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263.8 sec. 1 - Universal Jurisdiction (Fall 2012)

Instructor: Helene Silverberg  (view instructor's teaching evaluations | profile)
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Units: 2
Meeting Time: W 3:35-5:25
Meeting Location: 107

Course Start: August 22, 2012
Course Control Number (Non-1Ls): 49703

Universal jurisdiction is the principle that certain crimes (including genocide, war crimes, crimes against humanity and torture) are so universally abhorred that a state is entitled or even obligated to initiate legal proceedings without regard to where the crime was committed or the nationality of the victims or perpetrators. But when, if ever, should national courts permit actions based on this principle? This interdisciplinary course explores the conceptual, legal, institutional and political implications of relying upon universal jurisdiction to enforce international human rights in national courts. The course considers the experience of the United States, the United Kingdom, Belgium and Spain in exercising jurisdiction over human rights violations on this basis, and will examine (among others) the Pinochet case, the Habre case, the Yerodia case, the European cases against Donald Rumsfeld and the cases in the United States against Generals Vides Casanova and Garcia.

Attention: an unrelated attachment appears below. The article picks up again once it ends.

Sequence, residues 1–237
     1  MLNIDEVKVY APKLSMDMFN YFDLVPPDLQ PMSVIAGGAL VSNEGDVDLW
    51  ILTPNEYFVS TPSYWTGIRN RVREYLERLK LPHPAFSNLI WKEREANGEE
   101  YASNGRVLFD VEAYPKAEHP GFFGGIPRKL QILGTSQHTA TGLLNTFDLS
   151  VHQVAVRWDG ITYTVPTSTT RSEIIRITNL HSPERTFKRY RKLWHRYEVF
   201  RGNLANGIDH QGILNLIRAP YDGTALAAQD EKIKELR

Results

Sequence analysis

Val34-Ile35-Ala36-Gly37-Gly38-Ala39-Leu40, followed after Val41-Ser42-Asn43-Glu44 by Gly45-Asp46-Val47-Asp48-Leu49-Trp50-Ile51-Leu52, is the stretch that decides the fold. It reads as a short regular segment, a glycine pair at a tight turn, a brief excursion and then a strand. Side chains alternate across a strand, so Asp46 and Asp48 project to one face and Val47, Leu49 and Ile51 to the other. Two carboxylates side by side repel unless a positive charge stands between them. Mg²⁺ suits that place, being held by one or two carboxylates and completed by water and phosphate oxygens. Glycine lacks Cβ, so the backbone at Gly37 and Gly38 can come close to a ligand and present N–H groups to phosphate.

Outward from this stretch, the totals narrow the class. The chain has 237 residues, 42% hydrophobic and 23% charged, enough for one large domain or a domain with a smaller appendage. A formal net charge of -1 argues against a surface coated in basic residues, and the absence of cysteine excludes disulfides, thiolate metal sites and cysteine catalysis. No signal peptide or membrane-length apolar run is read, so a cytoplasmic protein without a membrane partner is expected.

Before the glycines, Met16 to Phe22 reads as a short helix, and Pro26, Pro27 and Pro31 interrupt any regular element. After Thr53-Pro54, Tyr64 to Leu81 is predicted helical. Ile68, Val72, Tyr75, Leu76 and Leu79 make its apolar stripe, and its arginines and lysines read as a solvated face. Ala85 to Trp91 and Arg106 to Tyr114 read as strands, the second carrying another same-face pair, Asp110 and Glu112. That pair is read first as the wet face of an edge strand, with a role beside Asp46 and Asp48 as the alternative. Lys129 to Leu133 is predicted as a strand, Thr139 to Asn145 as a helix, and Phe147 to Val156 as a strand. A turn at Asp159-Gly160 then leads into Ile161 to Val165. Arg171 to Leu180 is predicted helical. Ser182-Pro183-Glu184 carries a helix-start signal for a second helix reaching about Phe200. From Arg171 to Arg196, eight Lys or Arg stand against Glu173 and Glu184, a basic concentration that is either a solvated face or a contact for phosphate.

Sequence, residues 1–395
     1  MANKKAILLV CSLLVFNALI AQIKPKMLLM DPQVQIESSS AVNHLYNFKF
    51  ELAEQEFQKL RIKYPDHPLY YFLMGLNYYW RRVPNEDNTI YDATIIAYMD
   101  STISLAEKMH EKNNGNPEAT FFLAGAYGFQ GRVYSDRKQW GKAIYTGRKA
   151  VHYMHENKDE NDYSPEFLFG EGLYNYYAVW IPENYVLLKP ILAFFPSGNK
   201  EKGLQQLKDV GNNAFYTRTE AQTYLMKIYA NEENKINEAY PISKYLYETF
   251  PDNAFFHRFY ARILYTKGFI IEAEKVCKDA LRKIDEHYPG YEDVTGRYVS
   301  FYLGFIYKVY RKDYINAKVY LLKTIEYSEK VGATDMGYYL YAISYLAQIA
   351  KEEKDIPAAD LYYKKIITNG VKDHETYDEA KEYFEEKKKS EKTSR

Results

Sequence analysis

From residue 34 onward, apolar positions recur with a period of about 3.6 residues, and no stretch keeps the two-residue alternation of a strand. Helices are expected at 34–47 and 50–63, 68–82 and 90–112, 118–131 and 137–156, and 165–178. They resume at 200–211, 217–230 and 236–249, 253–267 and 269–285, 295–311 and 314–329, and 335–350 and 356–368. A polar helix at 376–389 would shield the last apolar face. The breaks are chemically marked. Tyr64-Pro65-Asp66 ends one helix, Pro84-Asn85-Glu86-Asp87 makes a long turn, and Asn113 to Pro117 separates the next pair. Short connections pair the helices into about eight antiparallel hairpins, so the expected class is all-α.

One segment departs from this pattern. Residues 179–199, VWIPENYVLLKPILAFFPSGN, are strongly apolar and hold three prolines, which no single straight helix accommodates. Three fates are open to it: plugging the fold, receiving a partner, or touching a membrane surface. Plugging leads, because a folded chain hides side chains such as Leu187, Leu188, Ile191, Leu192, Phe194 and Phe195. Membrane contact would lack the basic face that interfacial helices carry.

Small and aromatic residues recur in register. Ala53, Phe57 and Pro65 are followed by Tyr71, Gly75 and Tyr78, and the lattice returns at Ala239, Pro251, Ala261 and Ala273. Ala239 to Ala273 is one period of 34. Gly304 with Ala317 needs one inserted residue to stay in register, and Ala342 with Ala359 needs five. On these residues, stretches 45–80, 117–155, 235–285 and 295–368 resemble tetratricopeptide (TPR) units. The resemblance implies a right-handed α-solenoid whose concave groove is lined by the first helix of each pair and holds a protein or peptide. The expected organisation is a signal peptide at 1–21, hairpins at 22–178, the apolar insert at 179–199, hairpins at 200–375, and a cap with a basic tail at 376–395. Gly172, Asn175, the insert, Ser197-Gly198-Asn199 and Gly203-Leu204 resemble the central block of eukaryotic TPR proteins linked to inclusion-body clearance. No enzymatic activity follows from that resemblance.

Exam Notes: TH
Course Category: International and Comparative Law
This course is cross-listed in the following categories:
Public Law and Policy
Social Justice and Public Interest

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A reader will be used in this class.

Instructor has indicated that no books will be assigned.

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